Fire Safety

Don't go on OVERLOAD!!!! Does your room look like this?
Then maybe your room might look like this!

Now that smoking anywhere in residence halls is prohibited, we may be able to eliminate one historical cause of fires in residence halls.

A fire that destroys much of a student room's contents doesn't happen often -- about once every three years.

But, we average a fire a semester -- usually small, often with smoke and water damage to one or both roommates' belongings.

In almost every instance over the last two decades, fires in resident rooms were avoidable if the residents had used a little more common sense. The costs paid by residents to restore fire damages were equally avoidable.

The leading causes of fire in student rooms are...
Electricity, Smoking, Candles, Cooking


Although "open flame devices" (a.k.a. candles) are not permitted, candles have led to room fires, especially when left unattended or placed in flammable holders or holders that weren't stable and tipped over easily.

Even when used carefully, candles can cause more trouble than you realize.

Continual use of candles also tends to deposit soot on the walls and will, over time, begin to discolor wall surfaces. We have seen rooms where excessive use of candles has so blackened the walls that the rooms needed to be repainted. Based on our paint history, if we can determine the rooms required being painted prematurely, costs for repainting will be assessed to the rooms occupants.

Living Safely with Electricity
Electrical fires happen more often than you might think. Electrical fires have been caused by short circuits in electrical cords that ignited nearby clothing, bedding, notebooks, trash cans, or other personal items. Sometimes, these short circuits have been caused by extension cords overloaded by too many items.

Another problem occurs when you plug power cords into a wall outlet and then shove furniture against the plugs, causing the cords to be badly bent. Doing this frequently can damage the insulation around a power cord's wires, leading to a short circuit.

Anytime you find a damaged power cord, or one that is hot to the touch, unplug the device immediately and have it checked, repaired or replaced.

Use Heavy-Duty Extension Cords or Power Strips!

Extension cords must be rated to handle the amperage of the equipment it serves. Small, thin household extension cords (sometimes called zip cords) are not recommended except for simple appliances such as lamps or clock radios.

A very wise purchase is the "power strip". These multiple outlet strips usually have 4 or 6 additional outlets in a plastic or metal case, a cord rated to handle a full 15 or 20 amp load, and may have a built-in circuit breaker that may trip long before the inconvenience of losing power to the rest of your room. But no matter how many power strips you and you roommate have, you still can't exceed the rated capacity of the circuit breaker or fuse for your room.

Always check the product label on a power strip or an extension cord before you buy to make certain it can handle the electrical load of the equipment you'll put on it.

It's All About How Much You Use...!
You can safely use electrical equipment and approved appliances as long as you don't overload the circuit breaker or fuse. As you plug in and use each lamp, stereo, hair dryer, refrigerator, and coffee pot, the total energy consumed at the same time will determine whether the circuit breaker trips and cuts off the electrical supply on the circuit. Once you exceed the rated capacity of the circuit breaker or fuse, which is either 15 or 20 amperes (or amps), you'll lose power. And should this happen to the circuit when you are using your computer, you could lose what you are working on.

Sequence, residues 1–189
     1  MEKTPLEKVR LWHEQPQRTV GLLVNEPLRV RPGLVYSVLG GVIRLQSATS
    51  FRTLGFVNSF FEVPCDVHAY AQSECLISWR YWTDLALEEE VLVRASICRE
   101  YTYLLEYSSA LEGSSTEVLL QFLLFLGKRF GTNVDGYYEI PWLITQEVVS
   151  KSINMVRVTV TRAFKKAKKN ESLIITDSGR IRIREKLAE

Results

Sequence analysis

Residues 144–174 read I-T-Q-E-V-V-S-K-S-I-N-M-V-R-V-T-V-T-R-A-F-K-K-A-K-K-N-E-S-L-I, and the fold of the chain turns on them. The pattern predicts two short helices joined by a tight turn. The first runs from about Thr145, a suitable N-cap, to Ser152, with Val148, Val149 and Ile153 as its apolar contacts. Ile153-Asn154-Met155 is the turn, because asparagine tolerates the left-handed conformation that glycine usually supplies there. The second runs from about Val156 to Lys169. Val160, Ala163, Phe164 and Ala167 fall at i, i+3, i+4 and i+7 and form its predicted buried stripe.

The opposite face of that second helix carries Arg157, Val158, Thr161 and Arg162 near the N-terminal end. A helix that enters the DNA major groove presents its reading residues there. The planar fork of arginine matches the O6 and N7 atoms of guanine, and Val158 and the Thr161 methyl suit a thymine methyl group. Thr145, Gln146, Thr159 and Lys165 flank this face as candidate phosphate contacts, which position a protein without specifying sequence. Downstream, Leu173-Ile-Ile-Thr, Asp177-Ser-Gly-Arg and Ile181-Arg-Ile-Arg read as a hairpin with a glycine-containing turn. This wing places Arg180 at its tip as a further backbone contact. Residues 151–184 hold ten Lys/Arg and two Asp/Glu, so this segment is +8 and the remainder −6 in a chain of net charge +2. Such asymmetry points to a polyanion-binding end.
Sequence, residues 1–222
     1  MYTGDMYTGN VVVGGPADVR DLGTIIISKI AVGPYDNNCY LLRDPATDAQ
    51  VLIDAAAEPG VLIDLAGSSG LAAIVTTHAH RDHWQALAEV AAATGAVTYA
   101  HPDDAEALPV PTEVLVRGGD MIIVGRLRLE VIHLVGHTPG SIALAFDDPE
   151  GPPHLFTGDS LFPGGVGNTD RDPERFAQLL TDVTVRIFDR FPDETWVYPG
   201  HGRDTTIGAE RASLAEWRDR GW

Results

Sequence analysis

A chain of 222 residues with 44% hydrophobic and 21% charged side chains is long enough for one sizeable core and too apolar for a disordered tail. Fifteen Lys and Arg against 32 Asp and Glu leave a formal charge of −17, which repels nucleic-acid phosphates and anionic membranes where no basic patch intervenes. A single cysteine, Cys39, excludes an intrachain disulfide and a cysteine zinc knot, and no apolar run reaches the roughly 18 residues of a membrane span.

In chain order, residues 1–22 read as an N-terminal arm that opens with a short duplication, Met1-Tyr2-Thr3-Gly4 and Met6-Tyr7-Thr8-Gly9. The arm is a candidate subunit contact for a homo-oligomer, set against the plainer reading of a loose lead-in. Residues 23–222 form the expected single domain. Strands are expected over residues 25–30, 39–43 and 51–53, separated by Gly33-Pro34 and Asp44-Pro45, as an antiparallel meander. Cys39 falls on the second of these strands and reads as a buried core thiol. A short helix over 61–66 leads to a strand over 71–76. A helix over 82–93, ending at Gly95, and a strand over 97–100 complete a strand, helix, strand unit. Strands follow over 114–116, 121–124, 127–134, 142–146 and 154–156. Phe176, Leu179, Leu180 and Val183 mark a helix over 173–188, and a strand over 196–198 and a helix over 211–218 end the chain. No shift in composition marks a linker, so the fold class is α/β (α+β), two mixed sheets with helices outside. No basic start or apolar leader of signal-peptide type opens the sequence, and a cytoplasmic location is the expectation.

Unfortunately, in many of our buildings, you are electrically linked to one or more of your neighbors, so you may not know how close a circuit breaker or fuse is to being tripped.

Bedrooms in renovated suites and apartments on South Campus and Anne Arundel Hall have a separate 20 amp circuit. Circuits serving living rooms are separate from kitchens. In our other halls, the distribution of circuits is not as straightforward. The wiring to rooms in a few of the older North Hill halls have fuses on circuits rated at 15 amps. In most of the other halls that have not yet been renovated, usually two or more rooms share a single 20 amp circuit breaker.

Often, but not always, half of an individual room's outlets are wired to one circuit breaker and half to a different one; a single circuit supports two halves of two different student bedrooms. But it is not uncommon in some locations to have a single receptacle in three, four or even five rooms wired to the same circuit breaker.

So, Watts Up?!!?
The principle amp-eating culprits are hair dryers, coffee pots, refrigerators (when the cooling unit kicks on), and (permitted in renovated South Campus buildings only) microwaves. The number of amps each electrical device uses will appear on each product's case and is usually stated as the maximum amount consumed during peak operation. Many devices don't necessarily use the number of amps shown except when, for example, they are first switched on, when heating elements reach their maximum, or when motors turn on.

Typical Maximum Amp Ratings

Amps   Amps  
9-15 hair dryer 6 700 watt microwave
3-5 Mac or PC 2-4 19" color television
1-5 printer 1-2 DVD/Blu-ray
6 4 cup coffeemaker 1 100 watt lamp
8 10 cup coffeemaker 2-6 mid-sized stereo

Check your own products for actual ratings.

When circuit breakers or fuses blow, call x4-WORK and we'll send someone to respond.

A few North Hill buildings do have fuse panels instead of circuit breaker panels. Residents should not buy and/or replace their own fuses.